It was fun to watch how the characters’ perceptions of each other grew and changed and at the same time remained the same in many ways amongst all the action. Basically both of them were right and wrong about each other in some ways and the reader can see it right away, but of course the fun is to watch the characters figure it out?

Midas of course is not the only one who is keeping his feelings for Gwen secret for quite a long time in the book, Gwen also kept some of her cards close to her chest mostly because the secrets were about her adorable daughter.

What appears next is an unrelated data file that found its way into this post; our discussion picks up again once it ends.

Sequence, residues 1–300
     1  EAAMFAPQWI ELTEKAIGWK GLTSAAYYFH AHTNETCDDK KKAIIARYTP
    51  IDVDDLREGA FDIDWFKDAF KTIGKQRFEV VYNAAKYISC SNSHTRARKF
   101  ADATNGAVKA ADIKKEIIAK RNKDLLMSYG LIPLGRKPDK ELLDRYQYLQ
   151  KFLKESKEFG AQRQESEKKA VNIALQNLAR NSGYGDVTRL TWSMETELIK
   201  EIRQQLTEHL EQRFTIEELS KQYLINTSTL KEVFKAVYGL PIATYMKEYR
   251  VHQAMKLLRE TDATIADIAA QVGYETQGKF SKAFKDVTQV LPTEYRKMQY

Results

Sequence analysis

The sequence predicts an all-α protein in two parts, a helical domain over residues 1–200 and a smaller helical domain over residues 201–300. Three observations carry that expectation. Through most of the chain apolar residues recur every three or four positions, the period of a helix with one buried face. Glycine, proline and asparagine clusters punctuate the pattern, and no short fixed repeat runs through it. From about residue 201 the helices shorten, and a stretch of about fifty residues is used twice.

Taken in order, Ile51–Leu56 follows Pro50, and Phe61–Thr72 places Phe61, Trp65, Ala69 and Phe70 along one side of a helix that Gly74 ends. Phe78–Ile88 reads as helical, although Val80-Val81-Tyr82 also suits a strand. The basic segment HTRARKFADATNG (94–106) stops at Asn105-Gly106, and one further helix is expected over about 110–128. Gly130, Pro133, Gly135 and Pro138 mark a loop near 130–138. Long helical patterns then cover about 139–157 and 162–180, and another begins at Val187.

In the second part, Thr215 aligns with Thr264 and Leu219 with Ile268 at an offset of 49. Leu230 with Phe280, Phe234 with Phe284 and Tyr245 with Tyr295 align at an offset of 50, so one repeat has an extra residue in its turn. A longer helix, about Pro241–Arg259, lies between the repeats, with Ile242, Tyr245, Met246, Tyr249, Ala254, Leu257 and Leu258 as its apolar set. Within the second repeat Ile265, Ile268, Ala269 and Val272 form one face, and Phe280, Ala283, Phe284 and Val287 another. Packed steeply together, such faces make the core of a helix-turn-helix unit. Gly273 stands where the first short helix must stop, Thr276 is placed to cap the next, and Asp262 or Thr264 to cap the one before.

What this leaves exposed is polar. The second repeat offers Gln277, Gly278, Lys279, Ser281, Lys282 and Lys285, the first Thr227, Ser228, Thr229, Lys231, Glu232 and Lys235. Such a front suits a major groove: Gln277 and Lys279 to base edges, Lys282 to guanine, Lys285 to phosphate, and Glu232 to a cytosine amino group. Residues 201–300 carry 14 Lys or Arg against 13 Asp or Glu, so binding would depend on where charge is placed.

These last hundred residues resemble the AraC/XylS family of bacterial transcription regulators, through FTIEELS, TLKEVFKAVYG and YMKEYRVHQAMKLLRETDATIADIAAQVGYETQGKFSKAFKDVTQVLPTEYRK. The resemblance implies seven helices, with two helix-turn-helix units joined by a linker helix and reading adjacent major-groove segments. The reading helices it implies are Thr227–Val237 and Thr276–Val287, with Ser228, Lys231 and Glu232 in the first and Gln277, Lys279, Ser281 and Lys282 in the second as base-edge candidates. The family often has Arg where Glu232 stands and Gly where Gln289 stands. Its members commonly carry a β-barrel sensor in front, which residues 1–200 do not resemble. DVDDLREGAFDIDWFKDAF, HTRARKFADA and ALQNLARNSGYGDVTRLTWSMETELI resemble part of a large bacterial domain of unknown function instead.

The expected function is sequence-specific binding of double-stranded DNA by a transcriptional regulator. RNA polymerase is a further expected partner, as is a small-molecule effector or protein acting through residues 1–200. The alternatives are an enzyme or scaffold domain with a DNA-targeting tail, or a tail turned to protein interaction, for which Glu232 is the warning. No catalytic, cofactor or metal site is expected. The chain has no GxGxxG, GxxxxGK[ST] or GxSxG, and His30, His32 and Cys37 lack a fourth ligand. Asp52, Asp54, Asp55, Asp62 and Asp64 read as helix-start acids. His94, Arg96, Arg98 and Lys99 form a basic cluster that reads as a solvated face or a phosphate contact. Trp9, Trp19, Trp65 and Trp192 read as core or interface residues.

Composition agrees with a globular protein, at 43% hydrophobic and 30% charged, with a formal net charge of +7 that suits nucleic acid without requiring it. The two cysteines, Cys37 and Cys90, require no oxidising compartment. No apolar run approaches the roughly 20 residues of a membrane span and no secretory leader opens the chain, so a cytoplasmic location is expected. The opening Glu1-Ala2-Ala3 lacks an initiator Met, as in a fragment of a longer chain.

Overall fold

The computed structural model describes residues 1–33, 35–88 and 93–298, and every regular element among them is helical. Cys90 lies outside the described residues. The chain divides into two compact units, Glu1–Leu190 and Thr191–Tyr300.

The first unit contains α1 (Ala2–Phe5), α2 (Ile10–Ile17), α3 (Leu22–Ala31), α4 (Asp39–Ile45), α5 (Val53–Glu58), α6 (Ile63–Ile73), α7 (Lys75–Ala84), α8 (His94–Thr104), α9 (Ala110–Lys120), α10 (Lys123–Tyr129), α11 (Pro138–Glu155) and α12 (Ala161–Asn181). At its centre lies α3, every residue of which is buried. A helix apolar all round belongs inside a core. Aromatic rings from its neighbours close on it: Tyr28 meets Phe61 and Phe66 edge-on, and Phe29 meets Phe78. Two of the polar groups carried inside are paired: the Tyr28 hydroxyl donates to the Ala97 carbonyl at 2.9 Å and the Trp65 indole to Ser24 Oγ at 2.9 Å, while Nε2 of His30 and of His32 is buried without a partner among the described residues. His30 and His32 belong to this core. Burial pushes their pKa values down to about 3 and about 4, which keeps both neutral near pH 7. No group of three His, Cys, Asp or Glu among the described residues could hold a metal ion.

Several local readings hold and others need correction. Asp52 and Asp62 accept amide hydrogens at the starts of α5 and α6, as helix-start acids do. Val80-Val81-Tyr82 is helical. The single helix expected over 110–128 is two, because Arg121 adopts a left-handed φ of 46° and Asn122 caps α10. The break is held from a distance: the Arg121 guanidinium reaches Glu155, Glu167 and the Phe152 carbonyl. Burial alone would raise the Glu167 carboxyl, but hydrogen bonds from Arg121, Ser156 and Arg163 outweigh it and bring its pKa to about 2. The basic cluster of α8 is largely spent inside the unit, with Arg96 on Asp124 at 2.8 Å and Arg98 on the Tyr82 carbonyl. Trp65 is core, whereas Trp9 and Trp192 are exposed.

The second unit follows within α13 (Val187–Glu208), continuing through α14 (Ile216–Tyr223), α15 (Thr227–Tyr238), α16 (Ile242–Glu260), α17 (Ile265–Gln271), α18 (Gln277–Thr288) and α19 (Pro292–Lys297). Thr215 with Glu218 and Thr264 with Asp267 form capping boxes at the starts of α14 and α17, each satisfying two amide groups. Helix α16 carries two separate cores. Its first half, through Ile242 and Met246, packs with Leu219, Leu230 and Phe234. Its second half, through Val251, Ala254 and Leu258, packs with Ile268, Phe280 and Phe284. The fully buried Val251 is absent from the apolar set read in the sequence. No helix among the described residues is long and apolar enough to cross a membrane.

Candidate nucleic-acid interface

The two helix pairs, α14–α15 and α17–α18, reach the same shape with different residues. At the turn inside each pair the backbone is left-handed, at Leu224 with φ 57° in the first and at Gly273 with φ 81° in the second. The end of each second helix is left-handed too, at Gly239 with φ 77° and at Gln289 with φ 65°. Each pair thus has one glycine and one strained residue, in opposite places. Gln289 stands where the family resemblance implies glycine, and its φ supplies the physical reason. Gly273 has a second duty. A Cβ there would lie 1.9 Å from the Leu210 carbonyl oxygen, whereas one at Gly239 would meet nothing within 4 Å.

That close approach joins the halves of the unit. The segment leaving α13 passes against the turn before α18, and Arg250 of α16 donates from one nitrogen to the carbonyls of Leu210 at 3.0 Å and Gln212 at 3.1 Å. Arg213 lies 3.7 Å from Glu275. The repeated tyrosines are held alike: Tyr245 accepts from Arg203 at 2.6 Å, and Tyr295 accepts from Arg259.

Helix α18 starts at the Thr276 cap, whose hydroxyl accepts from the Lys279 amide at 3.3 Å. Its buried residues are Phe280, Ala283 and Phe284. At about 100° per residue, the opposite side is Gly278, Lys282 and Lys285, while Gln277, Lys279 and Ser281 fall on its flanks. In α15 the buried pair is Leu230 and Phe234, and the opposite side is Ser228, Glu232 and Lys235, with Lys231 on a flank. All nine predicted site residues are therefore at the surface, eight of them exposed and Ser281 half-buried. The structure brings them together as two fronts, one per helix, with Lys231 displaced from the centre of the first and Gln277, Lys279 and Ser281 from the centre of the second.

Midas interacting with Avilon and attempting to stick to the contract (because yes, Gwen tried to write down how he should interact with her) were very amusing, but in some way Avi’s secrets (or I should say how long it was kept a secret) did not work for me. Without spoilering anything, it made perfect sense to me that both Gwen and Midas kept their cards close to the chest. Gwen is a mother protecting her daughter and Midas is scared to death, I definitely believed in how they were behaving. Avilon however was described as a child who was telling her secrets to *everyone* all the darn time, even in the past. We are shown how very fast Avi takes to Midas and his bodyguard Trystan and how much both Midas and Trystan love her. Avi talking about certain thing which had been upsetting Midas and stopping just before explaining it made no sense to me at some point, none. It felt artificial to increase the angst (when I say angst, I don’t mean prolonged angst since the story was moving at a fast pace, but it was clear that Midas was upset every time). I guess I should be grateful she finally said it at seventy percent of the story rather than 99 percent.